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Judges Decry Courthouse Immigration Arrests

law-1991004_640-300x196Former state and federal judges banded together to write a public letter addressed to federal immigration authorities, urging them to end the practice of waiting for and arresting immigrants at courthouses, published Wednesday.

The judges called out Immigration and Customs Enforcement (ICE) for carrying out enforcement activities like apprehensions, arrests, interviews, surveillance, and searches at courthouses, pointing out that courthouses should be added to the agency’s list of “sensitive locations.”

ICE has an established list of sensitive locations where agents are instructed to avoid conducting enforcement activities at unless “exigent circumstances” are present. At present, the list discourages making arrests at education institutions like schools and even daycares, health care facilities, places of worship, religious or civil ceremonies, and during public demonstrations.

The group of judges calling for the inclusion of courthouses includes 25 former state supreme court justices as well as 10 chief justices. In their letter, they remind the agency that they “know firsthand that for courts to effectively do justice, ensure public safety, and serve their communities, the public must be able to access courthouses safely and without fear of retribution.”

“Following nearly two years of high-profile ICE courthouse activity, only unequivocal guarantees and protections will restore the public’s confidence that it can safely pursue justice in our nation’s courts. We urge you to restore that confidence by adding courthouses to ICE’s list of ‘sensitive locations,’” the judges wrote.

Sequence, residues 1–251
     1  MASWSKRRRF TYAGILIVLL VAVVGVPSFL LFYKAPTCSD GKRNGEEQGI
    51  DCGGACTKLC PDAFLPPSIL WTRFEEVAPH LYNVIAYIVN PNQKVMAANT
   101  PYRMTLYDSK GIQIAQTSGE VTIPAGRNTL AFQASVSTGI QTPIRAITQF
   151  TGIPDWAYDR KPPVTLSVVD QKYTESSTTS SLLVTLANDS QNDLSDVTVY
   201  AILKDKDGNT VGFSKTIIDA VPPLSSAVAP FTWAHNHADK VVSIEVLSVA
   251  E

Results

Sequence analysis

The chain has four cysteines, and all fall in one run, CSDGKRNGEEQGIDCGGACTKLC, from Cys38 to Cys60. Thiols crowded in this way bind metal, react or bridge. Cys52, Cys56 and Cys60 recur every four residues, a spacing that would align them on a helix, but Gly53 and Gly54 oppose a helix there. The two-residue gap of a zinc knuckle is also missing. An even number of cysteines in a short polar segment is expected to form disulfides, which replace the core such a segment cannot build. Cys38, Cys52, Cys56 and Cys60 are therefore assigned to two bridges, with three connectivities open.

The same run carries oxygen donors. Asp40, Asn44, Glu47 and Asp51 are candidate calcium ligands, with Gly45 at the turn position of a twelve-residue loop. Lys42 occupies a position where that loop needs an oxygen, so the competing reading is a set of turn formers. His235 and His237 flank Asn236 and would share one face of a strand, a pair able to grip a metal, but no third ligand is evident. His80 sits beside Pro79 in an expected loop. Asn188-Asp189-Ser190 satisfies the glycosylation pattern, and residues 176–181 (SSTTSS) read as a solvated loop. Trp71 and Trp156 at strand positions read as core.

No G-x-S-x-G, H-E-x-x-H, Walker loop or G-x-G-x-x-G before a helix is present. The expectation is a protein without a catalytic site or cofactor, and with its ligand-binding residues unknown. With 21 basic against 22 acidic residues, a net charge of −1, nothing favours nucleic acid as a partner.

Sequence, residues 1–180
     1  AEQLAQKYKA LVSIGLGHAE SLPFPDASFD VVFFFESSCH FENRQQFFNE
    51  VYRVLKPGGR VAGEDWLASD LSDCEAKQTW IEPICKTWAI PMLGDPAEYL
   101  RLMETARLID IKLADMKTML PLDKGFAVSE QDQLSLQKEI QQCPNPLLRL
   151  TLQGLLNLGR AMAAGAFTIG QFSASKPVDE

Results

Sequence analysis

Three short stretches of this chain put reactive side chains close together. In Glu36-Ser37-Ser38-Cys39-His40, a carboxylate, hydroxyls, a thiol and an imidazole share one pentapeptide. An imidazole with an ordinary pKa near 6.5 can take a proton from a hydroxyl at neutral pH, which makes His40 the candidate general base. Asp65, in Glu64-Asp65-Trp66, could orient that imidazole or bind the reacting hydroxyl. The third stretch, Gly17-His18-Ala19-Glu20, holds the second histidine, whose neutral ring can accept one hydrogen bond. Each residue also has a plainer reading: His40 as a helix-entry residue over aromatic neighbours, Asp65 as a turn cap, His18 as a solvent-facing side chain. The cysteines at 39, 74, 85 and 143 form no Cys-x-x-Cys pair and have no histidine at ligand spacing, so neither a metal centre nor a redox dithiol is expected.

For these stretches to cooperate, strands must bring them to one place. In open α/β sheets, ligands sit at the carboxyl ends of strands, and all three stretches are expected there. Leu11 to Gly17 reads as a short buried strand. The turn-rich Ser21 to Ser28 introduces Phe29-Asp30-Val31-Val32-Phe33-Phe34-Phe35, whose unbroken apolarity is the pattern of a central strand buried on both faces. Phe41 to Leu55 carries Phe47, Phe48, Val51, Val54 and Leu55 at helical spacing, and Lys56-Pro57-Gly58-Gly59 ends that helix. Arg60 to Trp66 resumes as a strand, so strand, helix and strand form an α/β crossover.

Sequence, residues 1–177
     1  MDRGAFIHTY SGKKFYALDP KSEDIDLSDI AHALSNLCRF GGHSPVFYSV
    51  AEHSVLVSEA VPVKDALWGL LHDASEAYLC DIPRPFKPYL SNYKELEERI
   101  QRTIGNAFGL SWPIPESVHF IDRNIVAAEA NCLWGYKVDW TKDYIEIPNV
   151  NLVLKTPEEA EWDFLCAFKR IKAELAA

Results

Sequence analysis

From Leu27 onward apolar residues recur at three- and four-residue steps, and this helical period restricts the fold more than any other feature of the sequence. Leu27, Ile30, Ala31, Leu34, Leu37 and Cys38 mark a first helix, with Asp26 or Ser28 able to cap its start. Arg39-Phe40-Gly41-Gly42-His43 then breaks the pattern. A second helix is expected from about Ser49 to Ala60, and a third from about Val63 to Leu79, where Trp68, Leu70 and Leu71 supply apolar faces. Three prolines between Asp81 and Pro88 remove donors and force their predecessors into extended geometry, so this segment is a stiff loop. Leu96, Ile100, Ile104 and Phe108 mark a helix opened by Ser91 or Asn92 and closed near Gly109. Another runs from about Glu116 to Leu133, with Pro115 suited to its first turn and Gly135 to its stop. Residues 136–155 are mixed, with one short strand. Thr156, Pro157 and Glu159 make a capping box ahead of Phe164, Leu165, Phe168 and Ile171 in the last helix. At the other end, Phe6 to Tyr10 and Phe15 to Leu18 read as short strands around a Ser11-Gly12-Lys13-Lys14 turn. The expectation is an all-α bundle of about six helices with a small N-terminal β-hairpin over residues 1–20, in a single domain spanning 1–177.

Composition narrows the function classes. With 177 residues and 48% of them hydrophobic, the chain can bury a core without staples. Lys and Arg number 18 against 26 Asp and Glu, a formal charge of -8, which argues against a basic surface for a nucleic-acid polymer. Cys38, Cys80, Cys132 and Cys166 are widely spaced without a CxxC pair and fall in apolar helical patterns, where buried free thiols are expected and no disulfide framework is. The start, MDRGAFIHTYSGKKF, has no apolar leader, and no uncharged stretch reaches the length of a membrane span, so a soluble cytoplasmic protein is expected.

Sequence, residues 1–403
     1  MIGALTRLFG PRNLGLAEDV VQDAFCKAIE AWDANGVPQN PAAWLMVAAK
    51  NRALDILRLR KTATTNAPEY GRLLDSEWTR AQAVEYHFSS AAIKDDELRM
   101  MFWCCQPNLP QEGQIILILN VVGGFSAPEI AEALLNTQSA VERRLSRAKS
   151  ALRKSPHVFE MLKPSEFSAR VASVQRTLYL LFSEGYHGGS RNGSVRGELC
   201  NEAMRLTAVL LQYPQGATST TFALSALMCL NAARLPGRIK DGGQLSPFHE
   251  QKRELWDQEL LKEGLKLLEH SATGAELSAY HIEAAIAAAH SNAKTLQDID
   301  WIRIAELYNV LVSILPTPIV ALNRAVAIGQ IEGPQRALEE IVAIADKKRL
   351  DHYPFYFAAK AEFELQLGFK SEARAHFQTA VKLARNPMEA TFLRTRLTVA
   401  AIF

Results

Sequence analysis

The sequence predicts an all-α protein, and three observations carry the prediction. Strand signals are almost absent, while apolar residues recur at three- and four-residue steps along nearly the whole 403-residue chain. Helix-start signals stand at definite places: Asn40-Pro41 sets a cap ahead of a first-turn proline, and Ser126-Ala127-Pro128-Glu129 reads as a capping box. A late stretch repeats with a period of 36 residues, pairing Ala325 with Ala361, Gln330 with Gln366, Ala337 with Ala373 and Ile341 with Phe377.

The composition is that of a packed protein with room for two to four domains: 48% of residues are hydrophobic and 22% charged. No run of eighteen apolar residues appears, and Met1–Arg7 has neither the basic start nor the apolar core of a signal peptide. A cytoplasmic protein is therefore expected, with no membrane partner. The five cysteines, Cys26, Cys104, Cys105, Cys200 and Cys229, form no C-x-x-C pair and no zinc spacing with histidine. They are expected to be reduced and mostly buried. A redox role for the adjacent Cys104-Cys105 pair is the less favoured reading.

Immigrant rights advocates, prosecutors, and other legal professionals called for a halt to the practice of arresting immigrants at courthouses in 2017. In response, ICE published its policies concerning courthouse arrests, assuring that it will be limiting but not terminating the practice. Courthouse immigration arrests were made in over 23 states since then.

The threat of being arrested while seeking justice at a courthouse has dissuaded immigrants from accessing the court system. California and Texas have seen a drop in Latino residents seeking protection orders, implying that domestic violence is on the rise but remains largely unreported and unprosecuted. Brooklyn and Denver district attorneys have noted that immigrant witnesses now refuse to cooperate for fear that appearing in a court of law would make them prone to arrest.

The judges claimed that courthouse attendees including victims, defendants, and witnesses cannot feel secure with ICE present, writing that “this sense of security requires that courts remain open to all and, just as important, that courts appear open to all.”

If you or a loved one is concerned about this recent spate of courthouse arrests, know your rights by talking to the immigration law experts of the Lyttle Law Firm. Call our offices today to learn more from immigration attorney Daniella Lyttle.